Business Information and the Cloud

I've seen a lot of changes in business computing over the last three 
decades. Once upon a time, all you needed was a large enough closet to 
house a server or two. And, of course, some cable looms to keep your 
cabling neat and tidy.<br><br>A rack system on the wall supported a few 
ethernet switches to handle incoming cables and route them to the 
servers. To keep things cool, an air conditioner was ducted into the 
space, ensuring the equipment wouldn't overheat. PANDUIT Corporation

Steve Maurer, IME

I've seen a lot of changes in business computing over the last three decades. Once upon a time, all you needed was a large enough closet to house a server or two. And, of course, some cable looms to keep your cabling neat and tidy.

A rack system on the wall supported a few ethernet switches to handle incoming cables and route them to the servers. To keep things cool, an air conditioner was ducted into the space, ensuring the equipment wouldn't overheat.

That was our first datacomm "center." And while the location was moved to a larger, more centralized room, the equipment expanded quickly. Our UPS (uninterruptible power supply) morphed from a small unit — purchased at a local electronics store — into a stack of 3' by 3' by 10" monster batteries.

Changes in cloud computing and building management
Our facility was a small part of a much larger corporation. And as computing power and data/information management increased, so did the requirements for data centers.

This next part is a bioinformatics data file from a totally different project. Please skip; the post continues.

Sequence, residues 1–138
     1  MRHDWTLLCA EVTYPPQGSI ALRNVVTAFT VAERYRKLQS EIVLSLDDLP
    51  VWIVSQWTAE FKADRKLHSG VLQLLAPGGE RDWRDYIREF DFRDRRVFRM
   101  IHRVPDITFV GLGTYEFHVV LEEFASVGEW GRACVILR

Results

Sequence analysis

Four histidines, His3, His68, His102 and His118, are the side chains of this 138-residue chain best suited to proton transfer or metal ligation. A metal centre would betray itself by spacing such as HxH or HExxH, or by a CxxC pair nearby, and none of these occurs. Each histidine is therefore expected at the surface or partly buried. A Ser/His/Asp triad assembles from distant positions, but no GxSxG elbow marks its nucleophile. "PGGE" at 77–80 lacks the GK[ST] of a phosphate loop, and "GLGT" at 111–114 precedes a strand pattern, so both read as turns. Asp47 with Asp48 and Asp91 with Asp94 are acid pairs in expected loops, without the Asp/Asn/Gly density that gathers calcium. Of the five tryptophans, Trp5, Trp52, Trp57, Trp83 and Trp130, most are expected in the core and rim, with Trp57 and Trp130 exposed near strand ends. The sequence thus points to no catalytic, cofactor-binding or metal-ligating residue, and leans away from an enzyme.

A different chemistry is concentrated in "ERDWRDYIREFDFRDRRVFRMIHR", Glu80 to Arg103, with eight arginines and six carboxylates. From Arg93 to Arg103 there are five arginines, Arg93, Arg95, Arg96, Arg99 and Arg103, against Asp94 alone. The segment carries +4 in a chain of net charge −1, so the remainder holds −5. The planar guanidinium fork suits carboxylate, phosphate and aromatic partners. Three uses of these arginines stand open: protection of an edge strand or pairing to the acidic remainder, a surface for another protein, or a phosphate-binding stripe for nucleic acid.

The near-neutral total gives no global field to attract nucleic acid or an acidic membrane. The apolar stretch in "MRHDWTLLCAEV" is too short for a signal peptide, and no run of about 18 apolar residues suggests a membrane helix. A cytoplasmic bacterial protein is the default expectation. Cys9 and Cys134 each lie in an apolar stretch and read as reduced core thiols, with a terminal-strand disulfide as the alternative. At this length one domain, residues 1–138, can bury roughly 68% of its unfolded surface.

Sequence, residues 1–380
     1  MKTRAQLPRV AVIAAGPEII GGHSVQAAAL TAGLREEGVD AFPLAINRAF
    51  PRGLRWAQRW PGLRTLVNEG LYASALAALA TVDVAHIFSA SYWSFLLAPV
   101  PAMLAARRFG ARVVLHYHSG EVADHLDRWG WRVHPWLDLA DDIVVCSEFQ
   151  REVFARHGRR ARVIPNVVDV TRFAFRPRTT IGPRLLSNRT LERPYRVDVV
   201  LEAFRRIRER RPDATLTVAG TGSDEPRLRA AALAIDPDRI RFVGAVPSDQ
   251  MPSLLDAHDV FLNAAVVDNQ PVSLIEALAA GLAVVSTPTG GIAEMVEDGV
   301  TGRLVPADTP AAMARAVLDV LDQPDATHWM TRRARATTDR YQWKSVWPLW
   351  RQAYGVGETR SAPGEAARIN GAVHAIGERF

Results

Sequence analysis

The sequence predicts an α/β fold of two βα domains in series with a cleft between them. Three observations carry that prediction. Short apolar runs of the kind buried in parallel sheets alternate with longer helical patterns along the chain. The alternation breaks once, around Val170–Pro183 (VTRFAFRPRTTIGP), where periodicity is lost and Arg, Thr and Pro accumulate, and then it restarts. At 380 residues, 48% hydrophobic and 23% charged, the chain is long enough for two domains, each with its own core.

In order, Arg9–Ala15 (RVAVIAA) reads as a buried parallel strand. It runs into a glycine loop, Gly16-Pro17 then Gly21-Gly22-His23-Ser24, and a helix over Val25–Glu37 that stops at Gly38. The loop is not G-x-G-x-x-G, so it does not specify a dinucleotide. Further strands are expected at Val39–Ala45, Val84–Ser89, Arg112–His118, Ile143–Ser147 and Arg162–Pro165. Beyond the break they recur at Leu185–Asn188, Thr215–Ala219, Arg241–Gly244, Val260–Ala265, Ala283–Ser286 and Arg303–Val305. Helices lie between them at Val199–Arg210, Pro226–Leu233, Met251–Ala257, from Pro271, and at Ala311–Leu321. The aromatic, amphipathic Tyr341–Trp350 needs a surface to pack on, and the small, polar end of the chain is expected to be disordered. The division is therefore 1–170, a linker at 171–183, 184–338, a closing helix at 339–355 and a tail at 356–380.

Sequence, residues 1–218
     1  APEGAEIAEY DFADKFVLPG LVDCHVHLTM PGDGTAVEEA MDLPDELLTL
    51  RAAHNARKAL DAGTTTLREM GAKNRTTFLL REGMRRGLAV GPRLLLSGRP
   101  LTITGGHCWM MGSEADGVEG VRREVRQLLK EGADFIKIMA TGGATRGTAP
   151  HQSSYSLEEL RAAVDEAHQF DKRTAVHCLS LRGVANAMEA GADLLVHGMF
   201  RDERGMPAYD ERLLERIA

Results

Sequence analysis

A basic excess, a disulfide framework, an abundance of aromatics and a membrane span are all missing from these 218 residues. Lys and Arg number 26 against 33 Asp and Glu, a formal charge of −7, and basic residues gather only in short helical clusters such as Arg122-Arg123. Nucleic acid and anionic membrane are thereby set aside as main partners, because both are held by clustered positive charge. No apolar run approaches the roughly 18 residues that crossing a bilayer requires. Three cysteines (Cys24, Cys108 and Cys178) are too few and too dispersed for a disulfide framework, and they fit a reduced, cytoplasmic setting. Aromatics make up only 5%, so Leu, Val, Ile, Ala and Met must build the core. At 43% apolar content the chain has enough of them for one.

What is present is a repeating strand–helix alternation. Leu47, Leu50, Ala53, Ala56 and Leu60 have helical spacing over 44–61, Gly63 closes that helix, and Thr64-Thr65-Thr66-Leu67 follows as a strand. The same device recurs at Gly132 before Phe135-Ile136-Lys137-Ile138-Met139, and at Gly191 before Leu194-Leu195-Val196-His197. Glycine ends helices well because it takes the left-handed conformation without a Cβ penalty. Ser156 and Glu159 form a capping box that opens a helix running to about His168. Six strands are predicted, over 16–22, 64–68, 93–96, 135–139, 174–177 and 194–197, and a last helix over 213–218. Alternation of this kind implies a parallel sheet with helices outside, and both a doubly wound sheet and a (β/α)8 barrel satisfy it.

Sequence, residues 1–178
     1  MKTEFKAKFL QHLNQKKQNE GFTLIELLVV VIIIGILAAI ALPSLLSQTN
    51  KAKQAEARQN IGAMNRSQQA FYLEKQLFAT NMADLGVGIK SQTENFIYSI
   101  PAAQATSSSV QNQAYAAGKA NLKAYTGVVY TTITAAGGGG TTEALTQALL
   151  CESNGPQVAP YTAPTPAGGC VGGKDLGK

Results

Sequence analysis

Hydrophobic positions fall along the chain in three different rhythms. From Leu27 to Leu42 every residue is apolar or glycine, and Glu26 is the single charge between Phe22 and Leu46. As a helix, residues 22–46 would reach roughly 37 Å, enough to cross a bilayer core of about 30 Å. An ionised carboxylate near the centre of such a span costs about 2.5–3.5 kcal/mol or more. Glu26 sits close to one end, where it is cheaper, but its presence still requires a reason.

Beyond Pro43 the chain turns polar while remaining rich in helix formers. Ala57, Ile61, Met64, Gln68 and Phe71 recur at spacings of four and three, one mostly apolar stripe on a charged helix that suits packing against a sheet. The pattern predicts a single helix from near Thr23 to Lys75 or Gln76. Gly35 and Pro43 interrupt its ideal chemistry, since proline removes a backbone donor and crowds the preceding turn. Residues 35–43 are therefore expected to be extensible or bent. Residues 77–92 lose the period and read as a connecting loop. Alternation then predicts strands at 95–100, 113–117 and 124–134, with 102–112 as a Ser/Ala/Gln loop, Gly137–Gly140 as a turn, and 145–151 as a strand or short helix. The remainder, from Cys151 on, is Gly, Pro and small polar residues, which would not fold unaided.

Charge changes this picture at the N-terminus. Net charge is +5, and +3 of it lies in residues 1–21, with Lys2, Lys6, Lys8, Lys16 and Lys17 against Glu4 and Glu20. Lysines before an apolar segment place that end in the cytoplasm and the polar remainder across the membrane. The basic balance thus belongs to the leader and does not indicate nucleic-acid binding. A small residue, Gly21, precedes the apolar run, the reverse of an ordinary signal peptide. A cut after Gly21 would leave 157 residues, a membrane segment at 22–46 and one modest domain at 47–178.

As a worldwide company, data processing and storage inevitably moved to the cloud. And with that, to a new data center. Built several miles from the corporate headquarters, an underground facility now safeguards and distributes sensitive company information. Row after row of self-ventilated, self-cooling racks house a myriad of servers and other data management devices.

Obviously, we've outgrown our closets.

Well, maybe not entirely. Older datacomm rooms now serve a different function in many locations. Integrated building management equipment is now stored in many of them.

To increase building efficiency and control costs, utility management computers now fill these rooms. Software and sensors monitor building occupancy, ambient temperature, and lighting usage. Heat and air-conditioning, and even window shades become increasingly computer-operated.

The age of the smart building has arrived, along with cloud computing. And the products used in datacenter is more sophisticated than ever before.

In the next article, we'll look at some of the newer products. They've changed from mere cable ties and wire looms into more complex systems. Systems that might look more at home on science fiction starships.


Photo courtesy of PANDUIT Corporation